Revival has been the name of the game for Las Vegas over the last few months. The news of renovating and re-opening of older, forgotten casinos in a grand manner to draw the younger crowds has been doing rounds in the industry. There was a time when the Sin City was buzzing with activity and swarming with tourists from around the world, and the casinos and hotels only made profits. But that time ended after the recession, cutting down casino revenues significantly. This had some of the oldest casinos in downtown Las Vegas close doors while the big ones sought desperate measures to survive the crisis.
O’Sheas Casino to Reopen
Only recently, a number of older casinos in Vegas reopened in a newer and better avatar. First it was the Downtown Las Vegas, followed by the Hacienda which is getting a makeover to open as the Hoover Dam Lodge. Now, the once popular Irish casino and pub called O’Sheas is gearing up for reopening this month end. The casino was purely into gambling and had no hotel or restaurant for its visitors, and was closed in 2012 as a part of Caesar’s casinos LINQ project. As promised, the casino is being opened in a new location and will have its famous beer pong and Foosball games for its old timers.
Work on Resorts World to Resume
The grand project of the Genting Group, which had cost the Malaysian company between $2 and $7 billion, is set to get a new lease of life soon. News is that the Resorts World Las Vegas will see the light of the day sometime in 2017 and liven up the atmosphere on the Las Vegas strip. Work on the project, which began around 5 years ago, will soon resume, but the exact dates are not known.
Genting was constructing a multi-billion dollar resort and casino in the 87-acre wide Echelon site, but stopped construction for some reason. The project which was slated to be complete by 2014, will now be ready only in 2016 or 2017, for the construction of the 3,500 room mega-resort, the second on the strip after The Cosmopolitan that opened in 2010, will take at least 2 or 3 years to complete.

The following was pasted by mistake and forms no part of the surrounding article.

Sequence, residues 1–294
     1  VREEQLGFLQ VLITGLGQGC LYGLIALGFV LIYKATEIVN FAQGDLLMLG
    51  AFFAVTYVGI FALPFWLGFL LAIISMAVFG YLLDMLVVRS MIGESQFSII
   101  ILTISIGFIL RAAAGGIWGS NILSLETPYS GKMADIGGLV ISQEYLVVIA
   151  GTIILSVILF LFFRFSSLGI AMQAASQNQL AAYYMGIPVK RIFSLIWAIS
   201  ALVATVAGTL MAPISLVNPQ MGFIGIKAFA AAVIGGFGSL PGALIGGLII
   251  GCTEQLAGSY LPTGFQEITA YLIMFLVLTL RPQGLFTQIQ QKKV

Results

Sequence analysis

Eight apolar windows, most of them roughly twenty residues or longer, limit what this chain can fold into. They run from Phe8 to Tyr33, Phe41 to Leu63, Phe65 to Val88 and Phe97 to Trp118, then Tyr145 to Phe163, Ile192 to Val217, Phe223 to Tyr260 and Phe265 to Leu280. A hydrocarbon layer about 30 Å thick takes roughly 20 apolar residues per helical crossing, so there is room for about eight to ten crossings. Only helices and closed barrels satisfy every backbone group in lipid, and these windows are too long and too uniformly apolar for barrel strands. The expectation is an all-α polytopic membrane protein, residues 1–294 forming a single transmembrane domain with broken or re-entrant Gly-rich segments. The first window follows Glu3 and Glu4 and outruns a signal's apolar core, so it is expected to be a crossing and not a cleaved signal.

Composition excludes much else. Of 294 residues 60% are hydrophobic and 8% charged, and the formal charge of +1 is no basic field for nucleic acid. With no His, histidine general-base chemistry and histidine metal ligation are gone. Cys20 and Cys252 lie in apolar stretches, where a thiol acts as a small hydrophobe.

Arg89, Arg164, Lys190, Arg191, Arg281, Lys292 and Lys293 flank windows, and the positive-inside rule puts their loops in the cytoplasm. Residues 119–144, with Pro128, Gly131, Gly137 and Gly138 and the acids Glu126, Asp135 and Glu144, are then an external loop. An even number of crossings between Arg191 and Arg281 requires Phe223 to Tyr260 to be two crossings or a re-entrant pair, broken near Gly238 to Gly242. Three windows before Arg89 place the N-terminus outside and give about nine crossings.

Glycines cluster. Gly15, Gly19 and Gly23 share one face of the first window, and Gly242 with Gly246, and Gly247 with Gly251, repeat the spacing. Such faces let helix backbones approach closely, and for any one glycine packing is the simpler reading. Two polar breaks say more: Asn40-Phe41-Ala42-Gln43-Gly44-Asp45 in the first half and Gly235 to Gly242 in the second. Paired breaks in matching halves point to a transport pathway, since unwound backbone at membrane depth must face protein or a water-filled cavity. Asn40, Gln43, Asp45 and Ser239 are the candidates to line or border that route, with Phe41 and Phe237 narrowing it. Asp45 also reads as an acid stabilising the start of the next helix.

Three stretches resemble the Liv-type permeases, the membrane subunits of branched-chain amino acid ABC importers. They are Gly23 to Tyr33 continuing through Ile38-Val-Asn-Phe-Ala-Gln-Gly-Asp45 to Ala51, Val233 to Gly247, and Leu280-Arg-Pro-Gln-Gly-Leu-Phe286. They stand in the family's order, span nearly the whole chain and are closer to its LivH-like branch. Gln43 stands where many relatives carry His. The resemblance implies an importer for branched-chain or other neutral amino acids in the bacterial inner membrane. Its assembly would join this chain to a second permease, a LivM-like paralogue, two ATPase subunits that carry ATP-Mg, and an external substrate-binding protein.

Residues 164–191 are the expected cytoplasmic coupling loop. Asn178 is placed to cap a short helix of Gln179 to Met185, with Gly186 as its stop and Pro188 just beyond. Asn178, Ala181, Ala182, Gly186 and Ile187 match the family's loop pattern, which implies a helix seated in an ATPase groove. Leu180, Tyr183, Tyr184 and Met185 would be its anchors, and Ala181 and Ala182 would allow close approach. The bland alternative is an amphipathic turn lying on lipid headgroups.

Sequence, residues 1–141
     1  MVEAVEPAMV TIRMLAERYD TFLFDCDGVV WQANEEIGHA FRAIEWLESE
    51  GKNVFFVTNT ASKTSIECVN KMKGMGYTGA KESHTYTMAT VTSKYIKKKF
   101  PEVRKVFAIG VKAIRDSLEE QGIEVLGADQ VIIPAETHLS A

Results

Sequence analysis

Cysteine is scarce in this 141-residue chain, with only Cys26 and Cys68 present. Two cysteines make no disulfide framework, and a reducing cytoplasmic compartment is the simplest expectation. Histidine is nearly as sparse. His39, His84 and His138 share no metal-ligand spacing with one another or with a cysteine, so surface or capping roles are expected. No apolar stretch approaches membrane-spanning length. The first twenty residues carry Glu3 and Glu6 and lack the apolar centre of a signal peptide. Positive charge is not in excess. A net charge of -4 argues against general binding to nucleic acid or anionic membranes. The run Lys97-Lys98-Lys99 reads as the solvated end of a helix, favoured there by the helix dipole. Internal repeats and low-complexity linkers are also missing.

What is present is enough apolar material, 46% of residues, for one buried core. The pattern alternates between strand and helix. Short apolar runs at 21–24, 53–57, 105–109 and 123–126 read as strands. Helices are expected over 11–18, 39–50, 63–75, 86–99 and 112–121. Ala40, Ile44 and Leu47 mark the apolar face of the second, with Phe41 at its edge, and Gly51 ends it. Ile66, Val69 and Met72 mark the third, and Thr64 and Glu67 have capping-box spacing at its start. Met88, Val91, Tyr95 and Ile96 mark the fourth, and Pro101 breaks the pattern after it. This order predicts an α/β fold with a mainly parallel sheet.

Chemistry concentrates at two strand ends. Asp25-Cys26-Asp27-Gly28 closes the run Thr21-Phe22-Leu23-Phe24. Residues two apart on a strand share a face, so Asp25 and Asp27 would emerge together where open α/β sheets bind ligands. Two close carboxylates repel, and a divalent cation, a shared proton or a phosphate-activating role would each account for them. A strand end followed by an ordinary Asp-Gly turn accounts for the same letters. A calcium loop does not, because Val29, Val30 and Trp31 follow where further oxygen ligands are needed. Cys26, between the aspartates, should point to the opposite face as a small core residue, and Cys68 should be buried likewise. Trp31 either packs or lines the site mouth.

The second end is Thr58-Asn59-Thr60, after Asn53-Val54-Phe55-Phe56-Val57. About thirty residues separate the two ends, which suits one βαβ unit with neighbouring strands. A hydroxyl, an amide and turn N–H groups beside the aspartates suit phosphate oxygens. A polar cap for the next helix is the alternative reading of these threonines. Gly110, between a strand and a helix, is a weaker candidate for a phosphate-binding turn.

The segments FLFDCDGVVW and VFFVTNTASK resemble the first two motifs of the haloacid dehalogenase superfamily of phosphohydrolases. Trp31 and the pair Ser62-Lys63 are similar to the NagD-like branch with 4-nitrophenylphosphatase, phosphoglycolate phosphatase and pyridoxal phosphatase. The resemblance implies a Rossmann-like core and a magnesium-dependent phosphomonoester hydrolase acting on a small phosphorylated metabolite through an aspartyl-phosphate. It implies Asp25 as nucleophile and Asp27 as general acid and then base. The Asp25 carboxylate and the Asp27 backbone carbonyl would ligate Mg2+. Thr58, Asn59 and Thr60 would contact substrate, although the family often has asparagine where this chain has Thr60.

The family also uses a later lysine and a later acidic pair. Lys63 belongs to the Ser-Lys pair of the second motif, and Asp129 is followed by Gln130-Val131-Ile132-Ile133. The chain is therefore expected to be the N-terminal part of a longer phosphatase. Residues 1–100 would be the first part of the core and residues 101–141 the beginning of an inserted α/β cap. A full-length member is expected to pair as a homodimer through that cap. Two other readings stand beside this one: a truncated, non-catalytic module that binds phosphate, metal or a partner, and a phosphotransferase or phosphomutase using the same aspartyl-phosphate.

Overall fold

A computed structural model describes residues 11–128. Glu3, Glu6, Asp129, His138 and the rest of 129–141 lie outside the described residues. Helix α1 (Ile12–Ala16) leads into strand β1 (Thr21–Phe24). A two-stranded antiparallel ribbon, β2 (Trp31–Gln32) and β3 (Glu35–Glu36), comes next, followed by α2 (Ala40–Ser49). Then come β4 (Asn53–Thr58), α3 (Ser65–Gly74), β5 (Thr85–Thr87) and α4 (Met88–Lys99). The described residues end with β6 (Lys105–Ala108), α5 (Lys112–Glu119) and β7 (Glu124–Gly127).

2014 to Bring Good News and Cheer, Say Analysts
The Genting Group’s Resort World may not open next year, but 2014 is going to be an eventful one for casinos on the strip, say analysts. Las Vegas gambling market has been making a slow, yet steady comeback from the recession years, and now it is moving towards profits. The gaming revenues are likely to increase next year, and analysts are expecting a positive first half for casino revenues next year.
In 2012, the gaming market showed an improvement of revenues by 1.5% to $10.86 billion and by October this year, the revenues were up by 2.4%. However, the Sin City has not been able to draw as many as 40 million tourists as targeted, but managed to do well with the 33.5 million people it had attracted during the year. While the number of people visiting the city individually, for gambling, has reduced, the number of people coming there on corporate tours is gaining ground. More and more corporates are holding their conventions and meetings in Vegas.
There is no saying if the number of people visiting Vegas is going to increase dramatically, but two more hotels are going to be opened on the Las Vegas strip next year. One will be the erstwhile Sahara reopening as the 415 million dollar SLS Las Vegas and the other will be the Bill’s Gamblin’ Hall, worth $180 million.